President Roosevelt’s Goals
Upon his election to deliver the New Deal, an unprecedented number of reforms addressing the catastrophic effects of the Great Depression, Roosevelt felt it was the federal government’s duty to help the American people weather these bad times. His first duty as president was to declare a four-day bank Holiday, during which time congress drafted the Emergency Banking Bill of 1933, which stabilized the Banking ystem.
This restored faith in the Banking systems for the people. Three months later he signed the Glass-Steagall Act, which created the FDIC, federally insuring deposits. The Civil Conservation Corps was one of the New Deal’s most successful programs. It addressed the pressing problem of unemployment sending millions of men to the Nations’ forests to work. The Works Progress Administration program; Roosevelt’s major work program, would employ 8. 5 million Americans to build airports, parks, ridges, etc.
Other programs included were, The National Industrial Recovery Act (NIRA) and The National Recovery Administration (NRA) were created to help unemployment. The Federal Emergency Relief Program (FERA) gave 3 million to states for work relief programs. The Agricultural Act subsidized farmers for reducing crops and provided loans for farmers facing bankruptcy. The Home Owner’s loan Corporation (HOLC) helped people save their homes from foreclosure. The Deal Programs did not end the
Great Depression, they did however help Americans by taking care of their basic needs and giving them the dignity of work and hope. President Roosevelt not only got the American people a start in the Great Depression but he would go on to pass a few more important deal programs. The Wagner Act, one of the most important pieces of labor legislation in History. It supported the rights of working class Americans, guaranteeing workers’ the right to organize Unions and bargaining with management. Then there was the Social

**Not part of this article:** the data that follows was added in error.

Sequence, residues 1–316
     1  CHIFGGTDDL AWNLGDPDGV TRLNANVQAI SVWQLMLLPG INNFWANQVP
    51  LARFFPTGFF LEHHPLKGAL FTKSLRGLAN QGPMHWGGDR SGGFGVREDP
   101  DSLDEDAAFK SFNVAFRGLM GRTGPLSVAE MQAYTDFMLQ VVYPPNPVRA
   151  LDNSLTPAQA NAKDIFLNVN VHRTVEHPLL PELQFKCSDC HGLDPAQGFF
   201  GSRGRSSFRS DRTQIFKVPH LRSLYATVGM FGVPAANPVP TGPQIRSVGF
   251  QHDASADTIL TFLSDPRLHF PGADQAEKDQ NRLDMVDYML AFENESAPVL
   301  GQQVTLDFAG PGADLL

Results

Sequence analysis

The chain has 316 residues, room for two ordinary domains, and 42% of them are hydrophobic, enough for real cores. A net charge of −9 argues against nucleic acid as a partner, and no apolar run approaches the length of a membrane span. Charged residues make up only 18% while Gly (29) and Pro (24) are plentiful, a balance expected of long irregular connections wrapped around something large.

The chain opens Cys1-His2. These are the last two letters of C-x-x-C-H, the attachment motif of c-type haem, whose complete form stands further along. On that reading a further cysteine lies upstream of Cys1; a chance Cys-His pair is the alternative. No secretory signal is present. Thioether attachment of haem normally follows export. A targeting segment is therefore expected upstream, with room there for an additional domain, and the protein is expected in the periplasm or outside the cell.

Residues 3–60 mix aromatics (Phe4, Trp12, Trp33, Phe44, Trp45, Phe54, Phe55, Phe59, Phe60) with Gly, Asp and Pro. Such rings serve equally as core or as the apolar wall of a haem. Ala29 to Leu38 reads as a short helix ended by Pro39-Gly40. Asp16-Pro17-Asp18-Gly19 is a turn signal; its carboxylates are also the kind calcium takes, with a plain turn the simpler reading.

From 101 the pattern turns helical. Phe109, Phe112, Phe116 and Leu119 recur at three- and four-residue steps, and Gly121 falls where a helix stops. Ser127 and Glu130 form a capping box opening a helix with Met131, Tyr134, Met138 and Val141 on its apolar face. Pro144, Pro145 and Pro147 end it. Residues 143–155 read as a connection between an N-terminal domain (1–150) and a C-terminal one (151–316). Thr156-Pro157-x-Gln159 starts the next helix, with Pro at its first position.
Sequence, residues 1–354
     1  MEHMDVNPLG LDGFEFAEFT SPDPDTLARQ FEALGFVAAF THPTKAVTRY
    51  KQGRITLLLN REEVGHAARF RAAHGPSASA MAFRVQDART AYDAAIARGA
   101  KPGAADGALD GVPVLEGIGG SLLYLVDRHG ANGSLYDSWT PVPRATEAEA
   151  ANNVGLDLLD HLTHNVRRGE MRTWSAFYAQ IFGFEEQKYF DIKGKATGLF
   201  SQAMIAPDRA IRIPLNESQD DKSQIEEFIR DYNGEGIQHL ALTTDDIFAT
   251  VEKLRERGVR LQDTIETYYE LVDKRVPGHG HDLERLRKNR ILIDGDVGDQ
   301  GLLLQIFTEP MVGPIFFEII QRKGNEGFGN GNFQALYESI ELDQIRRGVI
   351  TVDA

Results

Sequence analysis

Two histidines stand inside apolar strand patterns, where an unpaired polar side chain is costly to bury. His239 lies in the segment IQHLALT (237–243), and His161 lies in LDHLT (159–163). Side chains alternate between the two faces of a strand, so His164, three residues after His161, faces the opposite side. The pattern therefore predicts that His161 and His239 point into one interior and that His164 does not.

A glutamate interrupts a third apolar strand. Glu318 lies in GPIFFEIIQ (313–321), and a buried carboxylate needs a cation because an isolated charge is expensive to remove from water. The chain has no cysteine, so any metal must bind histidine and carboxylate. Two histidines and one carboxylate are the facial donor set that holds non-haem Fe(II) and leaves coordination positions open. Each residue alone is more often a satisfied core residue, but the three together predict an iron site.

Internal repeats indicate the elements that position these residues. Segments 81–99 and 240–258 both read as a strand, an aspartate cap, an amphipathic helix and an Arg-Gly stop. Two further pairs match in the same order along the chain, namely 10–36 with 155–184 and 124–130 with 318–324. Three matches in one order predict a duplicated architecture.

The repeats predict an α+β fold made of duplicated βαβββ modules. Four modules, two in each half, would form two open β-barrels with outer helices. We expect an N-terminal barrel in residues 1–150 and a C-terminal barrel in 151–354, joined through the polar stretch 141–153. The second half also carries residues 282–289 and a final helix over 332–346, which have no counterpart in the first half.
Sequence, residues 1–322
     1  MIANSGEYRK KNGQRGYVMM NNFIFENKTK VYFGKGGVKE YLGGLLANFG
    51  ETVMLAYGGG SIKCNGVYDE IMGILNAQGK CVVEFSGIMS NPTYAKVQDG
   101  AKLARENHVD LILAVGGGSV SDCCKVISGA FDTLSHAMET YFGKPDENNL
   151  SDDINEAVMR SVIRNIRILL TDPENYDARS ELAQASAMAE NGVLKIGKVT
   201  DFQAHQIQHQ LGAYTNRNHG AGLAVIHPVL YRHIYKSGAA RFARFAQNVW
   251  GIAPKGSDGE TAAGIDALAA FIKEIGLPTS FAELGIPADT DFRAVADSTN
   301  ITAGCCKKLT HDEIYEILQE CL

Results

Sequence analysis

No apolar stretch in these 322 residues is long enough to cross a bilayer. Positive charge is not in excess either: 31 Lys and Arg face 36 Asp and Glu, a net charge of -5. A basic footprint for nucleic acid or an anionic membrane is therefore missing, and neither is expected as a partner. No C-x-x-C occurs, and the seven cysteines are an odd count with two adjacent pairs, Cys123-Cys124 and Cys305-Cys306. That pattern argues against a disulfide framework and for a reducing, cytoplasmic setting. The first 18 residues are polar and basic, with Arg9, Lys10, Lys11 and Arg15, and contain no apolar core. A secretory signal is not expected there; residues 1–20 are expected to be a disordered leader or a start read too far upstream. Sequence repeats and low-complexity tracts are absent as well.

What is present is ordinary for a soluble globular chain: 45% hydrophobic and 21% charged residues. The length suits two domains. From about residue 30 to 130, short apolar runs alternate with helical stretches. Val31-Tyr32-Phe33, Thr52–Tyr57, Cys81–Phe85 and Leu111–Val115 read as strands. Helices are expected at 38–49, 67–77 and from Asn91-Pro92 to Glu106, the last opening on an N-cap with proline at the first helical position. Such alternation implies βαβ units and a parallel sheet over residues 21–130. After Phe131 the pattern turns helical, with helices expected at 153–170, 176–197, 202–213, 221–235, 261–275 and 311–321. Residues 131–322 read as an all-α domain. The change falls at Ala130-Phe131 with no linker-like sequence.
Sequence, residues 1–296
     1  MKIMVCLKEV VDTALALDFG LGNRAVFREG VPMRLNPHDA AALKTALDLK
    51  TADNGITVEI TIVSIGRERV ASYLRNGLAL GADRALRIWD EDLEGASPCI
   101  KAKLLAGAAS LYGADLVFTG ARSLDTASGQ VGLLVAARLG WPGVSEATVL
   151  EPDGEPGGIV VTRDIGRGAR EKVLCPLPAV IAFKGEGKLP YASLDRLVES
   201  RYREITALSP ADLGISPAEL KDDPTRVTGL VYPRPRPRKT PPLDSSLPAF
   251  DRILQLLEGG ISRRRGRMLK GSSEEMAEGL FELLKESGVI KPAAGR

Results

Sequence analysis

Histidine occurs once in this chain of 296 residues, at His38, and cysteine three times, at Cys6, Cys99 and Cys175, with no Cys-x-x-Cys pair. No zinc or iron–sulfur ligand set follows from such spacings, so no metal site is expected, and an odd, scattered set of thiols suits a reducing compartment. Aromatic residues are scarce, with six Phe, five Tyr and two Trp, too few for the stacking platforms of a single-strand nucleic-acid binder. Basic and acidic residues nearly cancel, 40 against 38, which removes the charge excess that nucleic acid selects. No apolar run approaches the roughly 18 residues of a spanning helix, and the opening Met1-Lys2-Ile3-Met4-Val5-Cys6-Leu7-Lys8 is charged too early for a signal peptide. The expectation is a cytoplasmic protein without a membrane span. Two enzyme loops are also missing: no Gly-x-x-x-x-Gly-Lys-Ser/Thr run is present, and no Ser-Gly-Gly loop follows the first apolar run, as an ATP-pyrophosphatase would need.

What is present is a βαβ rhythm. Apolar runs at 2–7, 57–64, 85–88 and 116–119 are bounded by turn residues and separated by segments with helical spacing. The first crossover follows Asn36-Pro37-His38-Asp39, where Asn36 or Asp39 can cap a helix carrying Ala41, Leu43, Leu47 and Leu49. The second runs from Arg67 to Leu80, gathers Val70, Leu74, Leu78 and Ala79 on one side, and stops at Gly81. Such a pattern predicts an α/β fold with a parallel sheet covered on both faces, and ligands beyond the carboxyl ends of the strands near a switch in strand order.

Security Act in 1935 proposed by Roosevelt. This Act has proved to be the most significant and far-reaching of all the New Deal initiatives. The Social Security Act was to help those who were disabled, blind, or elder. The New Social Security tax took money right out of worker’s pockets and placed it into a retirement trust fund, exacerbating the shrinking money supply that was one of the main causes of the Great Depression. President Roosevelt created another major bill called the Revenue Act, it raised taxes on annual income above $50,000.
Estate and Gift taxes also rose as did the corporate tax rate. This caused an uproar among businessmen and conservatives, who were fuming at Roosevelt saying he was moving dangerously into a radical direction. Roosevelt countered by stressing he had no love for socialism. Roosevelt steered a zigzag course between the extremes of unregulated Capitalism and socialism. The Greatest failure of the New Deal was its inability to restore economic regulatory powers of t federal welfare system.
Roosevelt was no socialist, he sought o preserve the basic capitalist structures. The New Deal represented a “halfway revolution” that altered the Nation’s social and political landscape. President Roosevelt had three main goals while in office, to provide assistance to millions of needy Americans, to improve the level of the Economy, and to pass laws that would eradicate poverty and unemployment. People called this the Three R’s; Recovery, Relief, and Reform. Due to his dedication to save America from the Great Depression we today can live a better life.